Book: The Transpacific Experiment: How China and California Collaborate and Compete for Our Future, Matt Sheehan (August 2019)

Post: Critiquing Carnegie’s AI Surveillance Paper, John Honovick and Charles Rollet at IPVM (September 2019) — a response to a Carnegie paper we included in the previous edition of policy.ai

In Translation
CSET's translations of significant foreign language documents on AI

Municipal action plan for “military-civil fusion” in developing “intelligent technologies”: Tianjin Municipal Action Plan for Military-Civil Fusion Special Projects in Intelligent Technology. While many Chinese local governments have published “military-civil fusion” plans, Tianjin’s is among the most detailed. It provides insight into local efforts to steer the development of emerging technologies in directions that fulfill PLA requirements.

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OpenAI experiments with hide-and-seek, California bans facial recognition use by police, and members of Congress seek to revive the OTA
Wednesday, October 2, 2019
Worth Knowing

OpenAI experiment tests how AI might “evolve” through competition: Researchers observed teams of AI agents playing billions of games of hide-and-seek in an attempt to understand emergent behavior. Over time, agents learned to use available tools in increasingly complex ways — including adopting strategies that programmers did not expect. The researchers hope this type of reinforcement learning will allow AI systems to solve increasingly complex problems in the future, but found the number of repetitions required makes it difficult to apply this technique to real-world settings.
California legislature bans facial recognition use by law enforcement: Both houses of the California legislature passed AB-1215, which prohibits law enforcement from “installing, activating, or using any biometric surveillance system in connection with an officer camera” for three years. The bill now goes to Gov. Gavin Newsom; if he signs it, California will become the largest state to ban specific uses of facial recognition.
Kalaris Conference convenes AI and national security experts: U.S. security interests will suffer if the United States doesn’t work with its allies to invest wisely in AI capabilities, leading figures from the intelligence and defense communities said at the Kalaris Intelligence Conference last week. CSET and Georgetown University’s Center for Security Studies co-hosted the annual conference. Among the speakers were Sue Gordon, former Principal Deputy Director of National Intelligence, and Lt. Gen. Jack Shanahan, director of the DoD’s Joint Artificial Intelligence Center.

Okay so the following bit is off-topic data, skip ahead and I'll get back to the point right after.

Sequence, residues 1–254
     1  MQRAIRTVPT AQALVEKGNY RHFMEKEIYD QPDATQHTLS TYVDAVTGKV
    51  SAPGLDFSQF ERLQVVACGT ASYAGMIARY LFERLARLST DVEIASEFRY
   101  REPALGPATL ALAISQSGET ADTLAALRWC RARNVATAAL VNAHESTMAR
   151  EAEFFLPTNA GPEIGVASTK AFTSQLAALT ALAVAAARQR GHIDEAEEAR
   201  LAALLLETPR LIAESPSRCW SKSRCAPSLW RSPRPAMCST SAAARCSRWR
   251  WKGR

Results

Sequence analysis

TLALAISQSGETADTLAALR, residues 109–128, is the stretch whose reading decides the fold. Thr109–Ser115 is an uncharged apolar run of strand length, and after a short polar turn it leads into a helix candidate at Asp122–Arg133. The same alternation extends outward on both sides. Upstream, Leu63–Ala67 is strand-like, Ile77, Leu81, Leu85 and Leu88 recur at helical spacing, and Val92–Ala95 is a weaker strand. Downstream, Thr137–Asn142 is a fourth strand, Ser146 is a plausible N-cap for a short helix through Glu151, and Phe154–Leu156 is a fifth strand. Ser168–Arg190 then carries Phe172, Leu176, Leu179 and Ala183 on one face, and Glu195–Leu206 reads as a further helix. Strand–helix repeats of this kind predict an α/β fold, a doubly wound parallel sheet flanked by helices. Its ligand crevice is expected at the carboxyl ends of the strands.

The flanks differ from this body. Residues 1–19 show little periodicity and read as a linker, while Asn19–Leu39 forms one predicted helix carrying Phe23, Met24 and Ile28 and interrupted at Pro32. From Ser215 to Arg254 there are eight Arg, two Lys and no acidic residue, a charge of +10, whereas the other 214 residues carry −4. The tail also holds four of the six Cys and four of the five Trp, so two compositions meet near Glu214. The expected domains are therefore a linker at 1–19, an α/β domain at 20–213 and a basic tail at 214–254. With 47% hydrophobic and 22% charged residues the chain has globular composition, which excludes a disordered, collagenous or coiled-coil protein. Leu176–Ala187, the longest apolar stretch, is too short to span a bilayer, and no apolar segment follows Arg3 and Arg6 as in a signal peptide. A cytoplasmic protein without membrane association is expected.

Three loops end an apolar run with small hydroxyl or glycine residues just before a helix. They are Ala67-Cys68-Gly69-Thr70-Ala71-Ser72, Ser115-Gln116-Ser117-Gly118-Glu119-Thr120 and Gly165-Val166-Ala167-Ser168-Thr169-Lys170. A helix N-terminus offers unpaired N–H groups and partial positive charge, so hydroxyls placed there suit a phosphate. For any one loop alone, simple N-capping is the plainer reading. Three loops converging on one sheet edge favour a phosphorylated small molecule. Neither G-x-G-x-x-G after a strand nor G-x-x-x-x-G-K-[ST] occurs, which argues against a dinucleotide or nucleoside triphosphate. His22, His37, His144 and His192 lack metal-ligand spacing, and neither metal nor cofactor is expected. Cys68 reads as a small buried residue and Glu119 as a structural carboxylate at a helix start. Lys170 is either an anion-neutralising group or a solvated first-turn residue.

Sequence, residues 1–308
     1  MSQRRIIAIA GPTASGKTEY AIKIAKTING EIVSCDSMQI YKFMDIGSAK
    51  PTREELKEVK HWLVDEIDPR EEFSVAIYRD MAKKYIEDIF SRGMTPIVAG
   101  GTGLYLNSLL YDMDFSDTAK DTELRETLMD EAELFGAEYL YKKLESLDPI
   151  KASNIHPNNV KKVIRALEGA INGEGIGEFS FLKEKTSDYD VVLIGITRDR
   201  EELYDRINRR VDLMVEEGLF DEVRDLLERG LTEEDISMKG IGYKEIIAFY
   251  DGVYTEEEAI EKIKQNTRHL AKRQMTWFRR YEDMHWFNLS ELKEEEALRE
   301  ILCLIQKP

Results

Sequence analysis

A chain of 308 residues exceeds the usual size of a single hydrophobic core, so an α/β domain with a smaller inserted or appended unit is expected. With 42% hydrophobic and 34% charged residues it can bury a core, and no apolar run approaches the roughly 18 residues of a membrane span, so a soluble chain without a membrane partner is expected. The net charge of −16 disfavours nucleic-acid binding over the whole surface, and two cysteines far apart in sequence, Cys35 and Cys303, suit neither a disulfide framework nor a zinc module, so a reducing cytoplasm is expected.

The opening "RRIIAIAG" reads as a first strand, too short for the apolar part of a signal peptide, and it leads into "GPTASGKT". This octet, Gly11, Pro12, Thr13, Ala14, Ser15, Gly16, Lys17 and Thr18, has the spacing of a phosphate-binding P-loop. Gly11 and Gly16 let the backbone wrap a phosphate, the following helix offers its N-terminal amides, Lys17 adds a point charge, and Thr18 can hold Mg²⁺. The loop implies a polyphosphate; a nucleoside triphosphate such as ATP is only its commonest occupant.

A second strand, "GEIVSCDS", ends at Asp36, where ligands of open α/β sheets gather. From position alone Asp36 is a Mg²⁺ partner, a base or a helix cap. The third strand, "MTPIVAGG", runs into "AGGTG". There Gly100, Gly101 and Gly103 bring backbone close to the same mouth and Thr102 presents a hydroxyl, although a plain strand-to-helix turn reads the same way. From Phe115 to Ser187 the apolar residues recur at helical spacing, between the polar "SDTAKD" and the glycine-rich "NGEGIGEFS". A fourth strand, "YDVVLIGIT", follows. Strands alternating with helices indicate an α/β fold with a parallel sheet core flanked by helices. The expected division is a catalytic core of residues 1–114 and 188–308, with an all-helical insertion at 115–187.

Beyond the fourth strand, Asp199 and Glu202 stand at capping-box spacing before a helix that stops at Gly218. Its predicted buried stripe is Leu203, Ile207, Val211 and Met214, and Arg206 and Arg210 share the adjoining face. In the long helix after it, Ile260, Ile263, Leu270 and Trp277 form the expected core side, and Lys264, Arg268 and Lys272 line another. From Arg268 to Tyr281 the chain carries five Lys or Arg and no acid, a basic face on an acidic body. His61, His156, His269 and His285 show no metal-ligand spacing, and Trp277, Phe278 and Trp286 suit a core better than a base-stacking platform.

France releases military AI strategy: The French Ministry of the Armies has published a comprehensive report on military use of AI, building on the strategy laid out by Minister of Armies Florence Parly in April. The document establishes a Coordination Unit for Defense AI and a ministerial AI ethics committee, and it commits 430 million euros ($470 million) to AI research by 2025. The strategy describes the United States and China as global leaders in AI, but outlines a possible role for France if it coordinates with other nations within and outside the EU.
Government Updates

JAIC and GSA announce partnership to expand Pentagon’s use of AI: The General Services Administration and the DoD’s Joint AI Center announced their new partnership through the GSA’s Center of Excellence initiative on September 25th. They aim to expand the Pentagon’s use of AI by accelerating the delivery of AI capabilities and modernizing programmatic and acquisition processes. GSA also hopes the partnership will spur greater AI adoption across government.

Office of Technology Assessment Improvement and Enhancement Act introduced in House and Senate: Reps. Takano and Foster and Sens. Tillis and Hirono introduced the bipartisan Office of Technology Assessment Improvement and Enhancement Act in both houses of Congress on September 19th. It would revamp, rename and improve the OTA — which was defunded in 1995 — to ensure nonpartisan technology assessment is available to Congress. The House FY20 Legislative Branch Appropriations bill includes $6 million to fund the OTA; the Senate bill defers the issue until an ongoing report is complete.

MQ-25, the Navy’s unmanned refueling drone, completes successful test flight: The U.S. Navy announced a successful first test flight for its autonomous refueling drone, the Boeing-developed MQ-25 Stingray. The two-hour flight included autonomous taxi and takeoff. The Navy plans to integrate the MQ-25 into its strike arm by 2024 as the first carrier-launched autonomous unmanned aircraft.

Additional $8 million for NIST AI research included in Senate appropriations bill: The Senate FY20 Commerce, Justice and Science Appropriations bill includes $1.04 billion for the National Institute of Standards and Technology, a $52.5 million increase above the FY19 enacted level. Of the additional funds, $8 million would be allocated to expand NIST’s AI research and measurement efforts, including developing resources to model AI behavior and train, test and compare AI systems.